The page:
Citrix chief executive Mark Templeton spoke at the Citrix iForum event last week about the need to change the way IT in large organisations is delivered, and for it to become more service-oriented.
Such changes are necessary in order to cope with ever-growing demands on IT in businesses, and a growing disparity between the convenience of consumer services delivered over the web and the experience of using enterprise IT.
Citrix showed off a technical preview of its Dazzle self-service portal,
designed to allow workers to provision the applications and services they
Dazzle is intended to work with Citrix Receiver, a single cross-platform client that enables users to access applications, virtual desktops and thin client sessions.
At the same time, the company announced the availability of its XenServer 5.5 virtualisation platform, and the associated Citrix Essentials management suite, creating a broad-ranging portfolio of products that addresses a number of enterprise IT requirements.
However, Templeton explained that Citrix has an underlying strategy that ties everything together, and builds on the firm's existing strengths in application delivery technology.
"We are not trying to be everything. What we are looking to do is play an important role as IT embraces consumerisation," he said.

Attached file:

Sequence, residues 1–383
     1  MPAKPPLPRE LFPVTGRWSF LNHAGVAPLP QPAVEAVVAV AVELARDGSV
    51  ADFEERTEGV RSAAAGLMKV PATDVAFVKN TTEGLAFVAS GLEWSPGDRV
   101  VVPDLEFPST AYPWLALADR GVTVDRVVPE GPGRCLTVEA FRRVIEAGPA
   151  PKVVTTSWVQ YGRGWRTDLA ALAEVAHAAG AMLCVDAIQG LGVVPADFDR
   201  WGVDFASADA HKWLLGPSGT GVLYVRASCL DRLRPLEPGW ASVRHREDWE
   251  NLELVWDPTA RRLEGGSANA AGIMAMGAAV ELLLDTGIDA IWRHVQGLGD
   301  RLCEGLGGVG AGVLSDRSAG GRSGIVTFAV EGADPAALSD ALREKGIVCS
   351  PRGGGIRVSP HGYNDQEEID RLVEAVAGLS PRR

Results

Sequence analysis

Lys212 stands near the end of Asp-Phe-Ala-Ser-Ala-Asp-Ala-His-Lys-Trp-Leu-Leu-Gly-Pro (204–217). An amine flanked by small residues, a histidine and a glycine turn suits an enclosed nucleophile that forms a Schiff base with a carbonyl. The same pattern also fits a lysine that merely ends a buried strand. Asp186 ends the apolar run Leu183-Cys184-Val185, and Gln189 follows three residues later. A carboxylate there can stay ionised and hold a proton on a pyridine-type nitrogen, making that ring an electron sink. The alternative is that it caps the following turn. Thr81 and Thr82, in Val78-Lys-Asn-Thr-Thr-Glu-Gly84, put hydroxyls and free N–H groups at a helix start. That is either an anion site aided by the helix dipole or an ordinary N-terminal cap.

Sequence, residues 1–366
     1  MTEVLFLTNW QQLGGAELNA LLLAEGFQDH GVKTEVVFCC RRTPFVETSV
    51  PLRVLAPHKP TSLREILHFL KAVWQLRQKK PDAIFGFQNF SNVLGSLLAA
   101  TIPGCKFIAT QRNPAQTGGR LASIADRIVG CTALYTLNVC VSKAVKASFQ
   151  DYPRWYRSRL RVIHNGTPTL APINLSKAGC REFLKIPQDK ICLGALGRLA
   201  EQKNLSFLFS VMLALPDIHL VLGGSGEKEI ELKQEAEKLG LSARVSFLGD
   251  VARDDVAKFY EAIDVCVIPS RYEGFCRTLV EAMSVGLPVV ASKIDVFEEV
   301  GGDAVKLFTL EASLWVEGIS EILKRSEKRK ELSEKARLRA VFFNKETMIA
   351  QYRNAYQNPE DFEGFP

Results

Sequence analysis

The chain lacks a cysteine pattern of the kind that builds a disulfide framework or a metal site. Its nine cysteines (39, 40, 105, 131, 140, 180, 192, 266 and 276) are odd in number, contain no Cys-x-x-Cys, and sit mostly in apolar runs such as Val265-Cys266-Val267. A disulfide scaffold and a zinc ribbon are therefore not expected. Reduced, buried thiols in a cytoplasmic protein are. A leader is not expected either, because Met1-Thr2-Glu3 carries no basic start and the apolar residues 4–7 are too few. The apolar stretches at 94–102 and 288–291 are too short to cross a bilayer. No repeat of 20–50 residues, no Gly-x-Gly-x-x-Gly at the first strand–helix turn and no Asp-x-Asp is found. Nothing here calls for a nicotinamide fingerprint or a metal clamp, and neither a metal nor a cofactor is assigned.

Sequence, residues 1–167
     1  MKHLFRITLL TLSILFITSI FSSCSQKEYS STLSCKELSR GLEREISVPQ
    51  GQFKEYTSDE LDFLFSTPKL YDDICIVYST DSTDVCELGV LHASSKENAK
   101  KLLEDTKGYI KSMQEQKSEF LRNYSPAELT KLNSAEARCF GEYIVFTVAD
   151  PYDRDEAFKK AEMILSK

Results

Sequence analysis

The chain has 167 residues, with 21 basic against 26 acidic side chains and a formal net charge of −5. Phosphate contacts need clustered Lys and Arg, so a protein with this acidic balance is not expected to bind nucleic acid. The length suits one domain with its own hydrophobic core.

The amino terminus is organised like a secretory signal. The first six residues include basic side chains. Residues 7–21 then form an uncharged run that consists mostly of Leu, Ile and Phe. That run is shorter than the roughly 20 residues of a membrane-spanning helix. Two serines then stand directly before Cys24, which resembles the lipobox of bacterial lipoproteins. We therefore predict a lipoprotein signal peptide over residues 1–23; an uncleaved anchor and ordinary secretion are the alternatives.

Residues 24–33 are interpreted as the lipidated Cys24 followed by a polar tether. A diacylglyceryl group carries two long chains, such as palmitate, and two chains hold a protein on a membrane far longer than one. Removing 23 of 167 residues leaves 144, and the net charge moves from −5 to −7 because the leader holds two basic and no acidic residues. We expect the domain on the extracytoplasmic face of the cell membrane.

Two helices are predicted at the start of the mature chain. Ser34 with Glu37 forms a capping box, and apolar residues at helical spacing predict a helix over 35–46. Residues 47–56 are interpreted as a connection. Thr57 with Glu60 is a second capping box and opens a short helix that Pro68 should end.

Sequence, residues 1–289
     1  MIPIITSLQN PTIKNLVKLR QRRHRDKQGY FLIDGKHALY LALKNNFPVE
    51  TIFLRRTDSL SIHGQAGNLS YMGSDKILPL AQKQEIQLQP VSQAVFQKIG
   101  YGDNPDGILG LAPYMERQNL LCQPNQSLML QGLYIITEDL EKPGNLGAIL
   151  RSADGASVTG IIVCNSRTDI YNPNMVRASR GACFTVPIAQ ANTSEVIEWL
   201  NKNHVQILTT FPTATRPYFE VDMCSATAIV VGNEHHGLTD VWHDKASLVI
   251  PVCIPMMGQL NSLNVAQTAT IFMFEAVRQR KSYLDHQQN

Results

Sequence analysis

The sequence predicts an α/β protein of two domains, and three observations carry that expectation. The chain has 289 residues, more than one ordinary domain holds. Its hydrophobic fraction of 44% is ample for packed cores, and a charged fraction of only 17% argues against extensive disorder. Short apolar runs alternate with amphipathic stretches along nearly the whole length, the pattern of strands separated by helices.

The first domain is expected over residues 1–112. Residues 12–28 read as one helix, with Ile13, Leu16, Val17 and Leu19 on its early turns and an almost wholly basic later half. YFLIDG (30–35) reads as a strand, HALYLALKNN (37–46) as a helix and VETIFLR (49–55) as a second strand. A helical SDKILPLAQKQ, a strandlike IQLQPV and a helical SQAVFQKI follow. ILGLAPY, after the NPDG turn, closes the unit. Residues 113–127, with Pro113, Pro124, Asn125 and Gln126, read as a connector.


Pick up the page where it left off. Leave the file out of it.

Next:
Citrix defines 'consumerisation' as the need for IT departments to adopt more of a self-service model, and stop trying to control everything.
"IT wants to control everything, but to hold down costs you need to get rid of that and only control what you need to," Templeton said, citing online banking services as an example.
Banks do not dictate what device, operating system or browser its customers
use, but step in to control security when the users perform a transaction, he
But many of the technologies Citrix is developing will depend on companies ha ving existing Citrix infrastructure, such as XenApp (formerly Presentation Server), a fact that Temepleton conceded, but defended by saying that the aim was to repurpose a lot of what companies already have, preserving existing infrastructure and eliminating some things that have proved costly to maintain.
"Dazzle works with traditional Citrix infrastructure and pretty much everything you already own. The opportunity is to centralise more and virtualise more, so you end up controlling more, but in a centralised way," he said.
XenApp forms a big piece of this puzzle, according to Templeton. While Dazzle builds on XenApp, customers do not need it to make use of XenApp's delivery mechanism, it just makes it easier.
"We are trying to create an end-to-end solution, plus a full stack at the datacentre, to help you deliver it out to any device. You don't have to use all our technology, but you get the best results when you use it together," he explained.
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